Court settlement addresses the harm of family separation policy

A settlement was reached in the family separation lawsuit lead by the ACLU (American Civil Liberties Union) more than five years after the Trump administration reported it would no longer apply its controversial zero-tolerance policy to families arriving at the southern border. The settlement effectively bars the federal government from reimplementing a zero-tolerance policy, reaffirming the message of nationwide grassroots efforts that the policy and family separations are contradictory to asylum law and the human right to seek protection from harm and persecution. 

The U.S. Government forcibly separated an estimated 5,569 children from their families. But the administration failed to accurately track separations, indicating the total number of children separated was likely higher. Moreover, the administration was aware of the possible trauma and long-term effects of family separation and that it did not have the capacity to track all separated families. But it chose to move forward with the program. 

With deep concern for the families, the PC(USA) took numerous actions to pressure the administration to end family separations and condemned the administration’s inhumane policy, including the executive order. The Stated Clerk issued a statement   in which he asked “How can this be happening in a nation in which so many claim the traditions of Christianity, Judaism and Islam and the critical importance of families to the fabric of our lives together?” This was followed by a resolution adopted by the 223rd General Assembly that called upon the government to end the policy and reunify the families.  As part of the PC(USA)’s efforts, the Office of the Public Witness and other Presbyterians joined  faith leaders and organizations in marches and protests across the country in support of the Families Belong Together campaign to increase public pressure and stand in solidarity with immigrant families.

Why is this policy so troubling? The zero-tolerance policy effectively criminalized families and individuals seeking asylum by charging any adult apprehended after entering the United States without inspection with illegal entry, a law rooted in racism and first enacted in the 1920s to exclude Mexican migrants. In the spring of 2018, the Trump administration began to systematically apply the policy to all families and individuals who entered the U.S. without authorization as a means of deterring migration to the southern border.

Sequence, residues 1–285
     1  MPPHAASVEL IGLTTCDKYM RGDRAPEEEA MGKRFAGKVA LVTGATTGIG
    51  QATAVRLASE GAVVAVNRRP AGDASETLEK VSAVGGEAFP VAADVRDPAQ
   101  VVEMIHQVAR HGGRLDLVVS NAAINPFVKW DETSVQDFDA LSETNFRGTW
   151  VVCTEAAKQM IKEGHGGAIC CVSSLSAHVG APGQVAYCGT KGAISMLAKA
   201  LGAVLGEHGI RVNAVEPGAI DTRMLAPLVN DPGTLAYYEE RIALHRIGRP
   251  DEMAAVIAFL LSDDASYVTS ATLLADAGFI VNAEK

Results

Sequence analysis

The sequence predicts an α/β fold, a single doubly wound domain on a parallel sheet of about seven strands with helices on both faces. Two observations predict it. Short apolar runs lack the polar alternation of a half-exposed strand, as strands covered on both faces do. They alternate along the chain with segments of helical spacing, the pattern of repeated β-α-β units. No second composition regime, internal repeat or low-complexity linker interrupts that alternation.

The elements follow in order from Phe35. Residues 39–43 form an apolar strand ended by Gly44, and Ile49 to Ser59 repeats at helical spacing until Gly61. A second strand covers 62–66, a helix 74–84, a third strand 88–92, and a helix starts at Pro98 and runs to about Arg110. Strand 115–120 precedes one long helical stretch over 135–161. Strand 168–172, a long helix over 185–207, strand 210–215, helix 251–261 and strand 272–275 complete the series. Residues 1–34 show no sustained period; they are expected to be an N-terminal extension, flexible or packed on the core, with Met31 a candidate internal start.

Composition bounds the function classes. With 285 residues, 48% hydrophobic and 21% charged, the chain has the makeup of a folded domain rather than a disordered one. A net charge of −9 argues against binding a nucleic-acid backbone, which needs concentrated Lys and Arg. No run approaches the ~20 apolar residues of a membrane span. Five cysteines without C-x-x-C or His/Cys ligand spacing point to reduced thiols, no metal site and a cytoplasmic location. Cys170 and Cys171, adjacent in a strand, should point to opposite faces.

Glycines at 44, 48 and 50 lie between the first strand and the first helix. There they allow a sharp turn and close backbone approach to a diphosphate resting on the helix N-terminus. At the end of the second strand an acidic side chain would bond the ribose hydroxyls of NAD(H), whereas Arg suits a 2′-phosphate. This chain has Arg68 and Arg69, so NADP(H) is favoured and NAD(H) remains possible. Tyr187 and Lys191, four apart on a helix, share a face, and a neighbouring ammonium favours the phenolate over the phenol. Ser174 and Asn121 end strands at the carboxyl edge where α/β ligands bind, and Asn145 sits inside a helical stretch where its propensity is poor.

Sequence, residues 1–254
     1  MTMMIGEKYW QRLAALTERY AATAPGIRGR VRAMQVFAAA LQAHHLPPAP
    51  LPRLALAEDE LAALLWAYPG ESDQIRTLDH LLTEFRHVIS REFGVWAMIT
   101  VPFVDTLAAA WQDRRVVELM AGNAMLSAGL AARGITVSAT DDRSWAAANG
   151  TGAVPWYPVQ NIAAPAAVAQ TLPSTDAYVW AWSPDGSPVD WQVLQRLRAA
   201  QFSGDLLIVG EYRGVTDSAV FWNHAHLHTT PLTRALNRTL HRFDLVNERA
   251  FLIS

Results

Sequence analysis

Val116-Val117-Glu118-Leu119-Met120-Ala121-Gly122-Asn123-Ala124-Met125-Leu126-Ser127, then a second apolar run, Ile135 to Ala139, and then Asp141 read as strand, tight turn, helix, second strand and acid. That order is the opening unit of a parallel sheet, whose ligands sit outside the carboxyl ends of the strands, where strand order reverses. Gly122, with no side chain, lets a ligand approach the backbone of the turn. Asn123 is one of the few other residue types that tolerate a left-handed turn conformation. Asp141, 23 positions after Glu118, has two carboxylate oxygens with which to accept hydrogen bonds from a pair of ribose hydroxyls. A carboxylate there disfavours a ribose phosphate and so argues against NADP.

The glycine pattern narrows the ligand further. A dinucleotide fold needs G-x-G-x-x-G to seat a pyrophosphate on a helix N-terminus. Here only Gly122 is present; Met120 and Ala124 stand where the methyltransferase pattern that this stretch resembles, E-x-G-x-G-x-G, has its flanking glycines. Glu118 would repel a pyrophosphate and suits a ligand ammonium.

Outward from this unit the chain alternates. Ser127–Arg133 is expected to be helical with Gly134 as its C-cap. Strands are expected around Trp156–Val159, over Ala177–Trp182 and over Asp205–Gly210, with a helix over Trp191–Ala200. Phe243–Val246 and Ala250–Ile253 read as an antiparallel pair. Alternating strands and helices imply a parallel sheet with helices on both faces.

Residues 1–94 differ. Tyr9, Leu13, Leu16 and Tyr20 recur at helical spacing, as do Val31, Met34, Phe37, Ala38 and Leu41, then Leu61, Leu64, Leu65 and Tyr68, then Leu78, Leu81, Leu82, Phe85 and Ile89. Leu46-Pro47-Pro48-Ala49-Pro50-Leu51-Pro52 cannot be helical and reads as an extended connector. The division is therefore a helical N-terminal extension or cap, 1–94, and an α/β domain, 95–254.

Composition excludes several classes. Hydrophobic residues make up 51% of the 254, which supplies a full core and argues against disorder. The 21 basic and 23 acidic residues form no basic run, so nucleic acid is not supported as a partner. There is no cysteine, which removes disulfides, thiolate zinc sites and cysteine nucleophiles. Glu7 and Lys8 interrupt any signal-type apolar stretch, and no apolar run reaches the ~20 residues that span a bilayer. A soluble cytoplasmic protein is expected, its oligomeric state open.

With no exceptions for families seeking asylum, zero-tolerance violated U.S. asylum law and the 1951 United Nations Convention Relating to the Status of Refugees. The right to seek asylum as codified in U.S. law makes it clear that access to asylum is not contingent on whether an individual entered at a designated port of entry. 

Although the administration did not formally announce a zero-tolerance policy until April 2018, it was forcibly separating families long before then. According to the Department of Homeland Security (DHS), the administration conducted a pilot program for zero-tolerance in El Paso, Texas, from July 2017 to October 2017. Amidst growing public outcry, the administration walked-back its policy by executive order only a few months later.

In early 2021, the Biden administration established the Family Reunification Task Force whose aim is to identify and reunify families. As of September 2023, more than five years after most families were separated, DHS reported that an estimated 1,073 children still had no confirmed reunification. 

Under the terms of the court settlement – which is valid for eight years – the government will continue to identify and reunify families, fund reunifications in the U.S., provide a pathway to seek asylum and access to services such as housing assistance and medical services. But the cornerstone component of the settlement is that the government cannot reimplement a zero-tolerance policy in the future.

While the court settlement offers restitution, it does not undo the harm that was inflicted upon families who were separated. Moving forward, we must continue to advocate for humane border and immigration policies that honor the right to seek protection and the dignity and worth of each individual. 

This past week as so many gathered with loved ones to give thanks for our many blessings, may we remember those whose journeys for freedom and safety have often led to family separation. We pray that they too may one day be rejoined and able to gather around a table together in love and thanksgiving. 

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